In fact the reviews started with an architect, who eloquently described the way in which the surroundings affect us, and with the cycle of the seasons> Although  which I was rather enjoying. But he got a firm rebuke from the chair – as needing to talk in feelings, from the heart, rather than intellectualisations from the head. Then a succession of others took to the chairs at the front - with the usual casual agglomerations of supporters. Sometimes the encounters were aggressive, and even physically violent - with the participants being kept physically safe with vigorous restraint from those around them; in others Mariano had to work hard to generate the passion and energy - like when he spent a long time trying to get a young boy to yell 'vaffancoulo' at him.
'Tell me to FUCK OFF'
The pattern of what was happening was difficult to understand at the time – as some of the encounters seemed needlessly severe – but it was only by discussing it directly with Mariano the next day that I cottoned on. His personal manner – which comes across to sensitive English eyes as somewhat brutish and callous – is deliberately used in the context of long-term relationships with these families, with a shrewd and perceptive judgement of what they need and what they can take (widely acknowledged by the participants) – all of which is dressed up and concocted in brash Italian humour (which often left the interpreters quite lost for words – and me completely in the dark). 

It is also to do with the structure of the week – and the whole Friday event is to ‘close the wounds in the belly’ that may have been opened up during the week with care and humour. Importantly, everybody there gets the opportunity to be in the hot seat – as part of the process of assessing how everybody is, and ensuring they are not leaving without expressing their feelings. It is an important part of the rhythm of the week – with the crescendo rising to the Wednesday morning ritual, with deliberate expression of angry and negative feelings on Thursday and this to round everything off on Friday.

So this is what the whole week looked like:

0900 - 1700
Trip to Gargano National Park and the seaside
1800 - 2030
Introduction session
0930 - 1330
1530 – 1930
2030 - 0030
Birthday party
0930 - 1330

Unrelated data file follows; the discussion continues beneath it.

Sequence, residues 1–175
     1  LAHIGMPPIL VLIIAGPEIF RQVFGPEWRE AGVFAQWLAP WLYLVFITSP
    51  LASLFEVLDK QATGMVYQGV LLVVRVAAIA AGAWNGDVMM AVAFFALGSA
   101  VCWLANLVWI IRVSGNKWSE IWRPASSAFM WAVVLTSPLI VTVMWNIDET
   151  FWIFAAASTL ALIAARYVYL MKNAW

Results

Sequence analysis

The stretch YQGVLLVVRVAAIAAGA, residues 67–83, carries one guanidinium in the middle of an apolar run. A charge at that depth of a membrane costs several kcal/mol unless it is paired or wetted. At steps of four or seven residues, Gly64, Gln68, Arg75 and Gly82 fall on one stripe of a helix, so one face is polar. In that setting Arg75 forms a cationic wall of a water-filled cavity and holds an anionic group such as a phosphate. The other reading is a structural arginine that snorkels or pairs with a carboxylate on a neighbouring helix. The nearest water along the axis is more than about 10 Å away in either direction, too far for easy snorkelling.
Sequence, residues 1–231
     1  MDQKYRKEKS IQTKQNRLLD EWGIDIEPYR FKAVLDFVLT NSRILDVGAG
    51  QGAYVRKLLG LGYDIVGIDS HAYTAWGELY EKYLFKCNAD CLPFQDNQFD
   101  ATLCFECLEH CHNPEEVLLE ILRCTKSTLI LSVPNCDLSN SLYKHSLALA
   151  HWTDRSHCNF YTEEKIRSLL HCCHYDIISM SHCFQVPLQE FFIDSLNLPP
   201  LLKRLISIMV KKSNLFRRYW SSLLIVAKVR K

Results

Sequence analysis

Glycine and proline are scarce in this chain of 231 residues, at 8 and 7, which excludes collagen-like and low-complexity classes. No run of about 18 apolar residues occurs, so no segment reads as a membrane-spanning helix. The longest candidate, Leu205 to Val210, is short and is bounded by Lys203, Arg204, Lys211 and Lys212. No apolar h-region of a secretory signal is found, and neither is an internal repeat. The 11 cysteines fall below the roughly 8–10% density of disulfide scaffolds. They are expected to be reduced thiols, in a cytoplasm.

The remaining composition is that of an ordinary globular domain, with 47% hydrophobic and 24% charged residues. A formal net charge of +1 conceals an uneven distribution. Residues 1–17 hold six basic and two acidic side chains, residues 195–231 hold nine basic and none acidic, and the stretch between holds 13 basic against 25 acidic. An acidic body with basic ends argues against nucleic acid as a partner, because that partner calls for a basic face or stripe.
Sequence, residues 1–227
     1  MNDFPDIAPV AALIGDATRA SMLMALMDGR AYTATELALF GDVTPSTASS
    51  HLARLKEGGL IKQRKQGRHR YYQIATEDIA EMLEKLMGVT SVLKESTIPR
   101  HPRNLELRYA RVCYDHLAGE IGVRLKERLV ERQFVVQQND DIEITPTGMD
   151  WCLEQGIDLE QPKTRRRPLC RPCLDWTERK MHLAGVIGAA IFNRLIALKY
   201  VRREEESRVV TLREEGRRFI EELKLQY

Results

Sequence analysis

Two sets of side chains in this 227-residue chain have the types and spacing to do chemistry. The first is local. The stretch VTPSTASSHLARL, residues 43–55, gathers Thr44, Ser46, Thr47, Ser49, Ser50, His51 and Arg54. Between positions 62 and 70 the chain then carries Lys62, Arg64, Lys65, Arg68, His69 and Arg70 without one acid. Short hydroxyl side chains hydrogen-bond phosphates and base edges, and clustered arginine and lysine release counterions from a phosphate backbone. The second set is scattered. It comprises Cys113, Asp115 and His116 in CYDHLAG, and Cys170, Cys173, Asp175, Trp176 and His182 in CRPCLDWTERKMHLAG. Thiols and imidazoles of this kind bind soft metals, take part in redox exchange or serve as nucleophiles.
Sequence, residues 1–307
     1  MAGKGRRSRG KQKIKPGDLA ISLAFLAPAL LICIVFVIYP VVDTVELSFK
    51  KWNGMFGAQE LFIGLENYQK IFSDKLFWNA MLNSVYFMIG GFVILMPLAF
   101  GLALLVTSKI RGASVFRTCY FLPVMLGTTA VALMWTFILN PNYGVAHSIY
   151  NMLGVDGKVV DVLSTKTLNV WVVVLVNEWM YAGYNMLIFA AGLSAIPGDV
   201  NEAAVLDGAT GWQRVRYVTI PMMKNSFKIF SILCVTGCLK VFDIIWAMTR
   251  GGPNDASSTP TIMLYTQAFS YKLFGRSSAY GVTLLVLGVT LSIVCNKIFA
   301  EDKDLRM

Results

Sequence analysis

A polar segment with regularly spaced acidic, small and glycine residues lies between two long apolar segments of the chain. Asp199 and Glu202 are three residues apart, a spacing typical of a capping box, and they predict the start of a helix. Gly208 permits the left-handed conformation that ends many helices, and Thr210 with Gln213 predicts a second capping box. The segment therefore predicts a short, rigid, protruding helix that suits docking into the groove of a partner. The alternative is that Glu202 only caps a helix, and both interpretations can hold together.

1530 – 1930
Music and singing round the hotel piano
0930 - 1330
1530 – 1930
Music and singing round the hotel piano
0930 - 1330
The Ring
1530 – 1930
The Ring
2100 - 0030
Last night party
0930 - 1330
1530 – 0025
1000 – 1300
Debrief with Mariano and team
1635 BRI-LGW

Thursday, 24 July 2014

The Ring

I don't know what the other hotel guests make of us lot - drifting around the lobby, coffee and and swimming pool - arm-in-arm, in huddles of cuddles, or randomly accosting each other for kisses - and rarely passing each other in the corridors without deliberately touching each other. All with a remarkably easy familiarity. We must look like beings from another world! If it happened in London, I am sure they would either throw us out - or call the police and have all our emails hacked...

Mariano Loiacono
Speaking the unsaid
Today's groups are flagged up as specially for family conflicts - and to specifically voice things that have previously gone unsaid. This is 'The Ring' - and the analaogy with boxing or wrestling seemed to be rather relished by those who had been here before. After mopping up some unfinished business from yesterday, the stage was set. Mariano himself conducted it all, sitting on a high chair at the front of the carpet. He calls families (at least two, but sometimes four or five members) to come and sit on the carpet at his feet, and several others whom he thinks would be good to support them. The family members sit facing each other, in the blue corner and the red corner, as it were; the rest of the ring is made up by the supporters, sitting or lying on the carpet in an intimate huddle, all around the family.

Most families spend half an hour or so in the ring, although one took over two hours - and made us all late for dinner. The sequence is usually the same

  1. One of the family is invited to say the things they have been unable to, to one or more of the other family members. With full physical support from those around.
  2. Mariano commentates and reflects, I think in the style of 'structural family therapy' - often making extremely provocative suggestions (for example 'you three should get together and all kill yourselves')